Fresh useful insights for people advancing quality, innovative and sustainable journalism
OFF THE TOP
You might have heard: Polls predicted a bigger Biden win than we saw in the election (Pew Research Center)
But did you know: To break reliance on polls, newsrooms are seeking other political indicators (Axios)
A University of Southern California study found that swing state voters engaged online with QAnon material more than twice as often as voters from other states. That finding suggests polls may have understated the presence of QAnon conspiracy theorists, who, like other groups, may be difficult to reach through traditional polling methods. Polls also have dismal response rates, making them unreliable and forcing newsrooms to pursue alternative measures of public opinion, like online trends, demographics and local news.
Best practices for journalists covering crises on Twitter
A new study examining how audiences respond to coverage of crises — both natural and manmade — on Twitter found that audiences value “instructing” information more than other types of reporting, and they are most willing to retweet that information. This piece is part of API’s Research Review series, which highlights academic research that could be relevant and useful to the news industry. We also hope that this series will spark ideas among academics with an interest in researching the news.
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How ProPublica will cover the Biden administration (Not Shutting Up newsletter, ProPublica)
As ProPublica begins to look forward to its investigative coverage next year, Stephen Engelberg outlines what readers can expect from the watchdog news nonprofit, which plans to cover the Biden administration with the same tenacity as Trump’s. Engelberg writes that it’s inevitable for at least one federal agency to “fall short,” requiring action from reporters, and any Biden family efforts to profit from business dealings with the government would be impossible to ignore. Investigative coverage isn’t necessarily different during a Republican or Democratic administration, he writes, adding, “We go where the data leads us.”
+ How athletes impacted voter turnout and other story ideas for sustained election coverage (Medium, Hearken); The LA Times turned over its entire letters page to Trump voters: “Like the city we cover, the @latimesopinion editorial board veers liberal. But it’s imperative to listen to other views.” (Twitter, @sewallchan)
Britain’s equality watchdog finds no unlawful pay discrimination at BBC (Press Gazette)
In recent years, several women who have worked at BBC have won equal pay cases or settlements, and since 2017, 500 women who filed wage complaints received raises. During this flurry of complaints, the Equality and Human Rights Commission launched an investigation last year to determine if the outlet had discriminated against women. The probe didn’t uncover pay discrimination, prompting criticism from the group BBC Women and others, who argued the report wasn’t thorough enough and failed to address women’s lived experiences working at the outlet.
+ Related: Here in the United States, Los Angeles Times critic Patricia Escárcega writes about learning that the paper rejected her pay discrimination claim (Twitter, @piescarcega)
+ For some journalists, accepting commercial work can feel like selling out, but Amsterdam-based writer Lauren Razavi says that those who work in creative fields today also must be entrepreneurs (International Journalists’ Network)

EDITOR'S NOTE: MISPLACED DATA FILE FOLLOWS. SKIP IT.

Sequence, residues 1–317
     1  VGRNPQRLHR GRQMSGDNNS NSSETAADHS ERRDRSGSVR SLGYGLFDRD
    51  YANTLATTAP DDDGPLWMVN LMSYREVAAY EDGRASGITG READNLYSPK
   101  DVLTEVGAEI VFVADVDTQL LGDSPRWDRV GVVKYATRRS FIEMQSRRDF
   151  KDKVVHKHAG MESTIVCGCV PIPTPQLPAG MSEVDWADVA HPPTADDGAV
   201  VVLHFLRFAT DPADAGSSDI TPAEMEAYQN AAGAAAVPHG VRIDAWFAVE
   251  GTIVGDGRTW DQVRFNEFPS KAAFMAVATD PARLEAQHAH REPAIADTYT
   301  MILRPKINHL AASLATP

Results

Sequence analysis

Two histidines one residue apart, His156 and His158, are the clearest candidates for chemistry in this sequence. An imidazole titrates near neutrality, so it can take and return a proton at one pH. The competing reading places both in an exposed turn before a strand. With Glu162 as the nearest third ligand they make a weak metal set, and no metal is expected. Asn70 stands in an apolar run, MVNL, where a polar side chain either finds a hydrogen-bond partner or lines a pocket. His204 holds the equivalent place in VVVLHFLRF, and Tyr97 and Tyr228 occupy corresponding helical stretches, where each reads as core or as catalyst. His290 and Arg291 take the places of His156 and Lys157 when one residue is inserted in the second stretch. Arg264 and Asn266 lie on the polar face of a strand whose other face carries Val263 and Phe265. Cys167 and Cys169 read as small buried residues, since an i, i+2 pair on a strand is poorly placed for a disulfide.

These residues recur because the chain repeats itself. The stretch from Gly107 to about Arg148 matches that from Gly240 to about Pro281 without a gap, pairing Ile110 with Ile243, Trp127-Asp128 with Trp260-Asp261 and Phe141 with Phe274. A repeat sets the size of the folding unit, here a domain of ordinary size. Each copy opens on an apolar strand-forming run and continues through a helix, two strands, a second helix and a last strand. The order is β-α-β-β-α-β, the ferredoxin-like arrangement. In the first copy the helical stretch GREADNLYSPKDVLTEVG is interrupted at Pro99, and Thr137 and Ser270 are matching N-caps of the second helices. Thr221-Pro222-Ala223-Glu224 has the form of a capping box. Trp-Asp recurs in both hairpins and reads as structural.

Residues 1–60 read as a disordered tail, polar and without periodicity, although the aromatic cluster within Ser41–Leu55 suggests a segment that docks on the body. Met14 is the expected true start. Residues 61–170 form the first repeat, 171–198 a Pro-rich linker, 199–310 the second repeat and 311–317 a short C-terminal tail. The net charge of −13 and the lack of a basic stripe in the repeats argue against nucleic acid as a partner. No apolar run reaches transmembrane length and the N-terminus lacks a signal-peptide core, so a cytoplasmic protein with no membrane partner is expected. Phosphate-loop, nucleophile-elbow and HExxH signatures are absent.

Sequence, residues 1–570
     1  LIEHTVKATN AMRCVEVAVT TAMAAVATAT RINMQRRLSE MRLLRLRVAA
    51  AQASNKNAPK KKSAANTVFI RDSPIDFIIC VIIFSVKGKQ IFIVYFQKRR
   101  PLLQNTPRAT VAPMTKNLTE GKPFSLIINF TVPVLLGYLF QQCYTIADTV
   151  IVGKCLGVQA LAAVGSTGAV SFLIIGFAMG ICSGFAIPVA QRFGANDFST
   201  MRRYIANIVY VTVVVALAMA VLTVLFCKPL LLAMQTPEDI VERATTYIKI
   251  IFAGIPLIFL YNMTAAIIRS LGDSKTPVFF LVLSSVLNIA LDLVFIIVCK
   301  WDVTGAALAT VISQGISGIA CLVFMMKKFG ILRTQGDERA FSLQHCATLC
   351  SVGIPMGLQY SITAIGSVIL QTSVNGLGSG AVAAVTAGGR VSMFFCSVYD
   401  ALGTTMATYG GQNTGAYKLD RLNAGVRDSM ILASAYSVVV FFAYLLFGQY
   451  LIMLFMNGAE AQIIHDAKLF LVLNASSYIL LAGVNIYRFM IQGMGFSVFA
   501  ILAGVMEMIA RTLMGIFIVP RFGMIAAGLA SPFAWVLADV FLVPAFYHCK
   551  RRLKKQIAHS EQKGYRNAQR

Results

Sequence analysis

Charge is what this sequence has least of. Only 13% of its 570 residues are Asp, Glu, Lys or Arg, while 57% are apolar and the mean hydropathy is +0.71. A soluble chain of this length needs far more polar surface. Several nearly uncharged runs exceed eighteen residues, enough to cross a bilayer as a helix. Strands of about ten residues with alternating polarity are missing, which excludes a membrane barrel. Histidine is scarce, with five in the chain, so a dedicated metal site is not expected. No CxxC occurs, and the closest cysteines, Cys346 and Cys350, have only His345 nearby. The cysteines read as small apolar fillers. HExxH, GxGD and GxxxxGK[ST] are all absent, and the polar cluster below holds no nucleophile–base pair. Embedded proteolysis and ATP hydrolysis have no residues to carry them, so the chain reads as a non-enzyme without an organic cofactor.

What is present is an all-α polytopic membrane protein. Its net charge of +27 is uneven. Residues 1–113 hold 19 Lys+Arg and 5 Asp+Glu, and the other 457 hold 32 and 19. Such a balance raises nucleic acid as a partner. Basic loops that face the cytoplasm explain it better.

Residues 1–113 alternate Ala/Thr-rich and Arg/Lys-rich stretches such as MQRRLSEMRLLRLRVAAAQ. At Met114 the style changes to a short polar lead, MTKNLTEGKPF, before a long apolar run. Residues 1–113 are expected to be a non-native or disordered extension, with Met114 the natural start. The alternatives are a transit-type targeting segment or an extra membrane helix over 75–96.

Compared to other countries, the United States’ political divide is exceptional (Pew Research Center)
In one example, a survey from the month before the election found that about 80% of voters believed their party fundamentally disagreed with the other party’s core values, and about 90% worried that the other party’s victory would cause “lasting harm” to the country. Earlier this year, 76% of Republicans said they believed the United States had done a good job dealing with the pandemic, compared with 29% of people from other parties. That gap in opinion was the largest in Pew’s survey, which studied a dozen other countries.
+ YouTube isn’t removing videos with false election claims (The Verge)
UP FOR DEBATE
For political reporters, the post-Trump era poses practical — and existential — questions (NiemanReports)
Journalists and media critics are now grappling with the question of how to cover Trump after his presidency. New York Times media columnist Ben Smith told NiemanReports that statements from Trump would likely only be relevant if they have a concrete impact, adding: “Often picking a fight with the press is the point, and you don’t have to engage.” Margaret Sullivan of The Washington Post, however, expects Trump to receive attention after leaving the presidency and for news consumers to “stay tuned because he’s not going to leave the stage.”
What writing a pandemic newsletter showed me about the United States (Wired)
In April when Patrice Peck started her newsletter, Coronavirus News for Black Folks, she identified holes in COVID-19 coverage that underreported how Black people were being affected by the virus. When she noticed stories about essential workers included mostly white voices, she started a series of interviews with Black women who work in frontline positions. “The truth is,” Peck writes, “Black people have always had to use inventiveness, technology, and do-it-yourself media to work around a slow or hostile white establishment. And it doesn’t always work.”
+ How visual artist Edel Rodriguez developed his satirical images of Trump that ran in Der Spiegel, Time and other publications (Fast Company)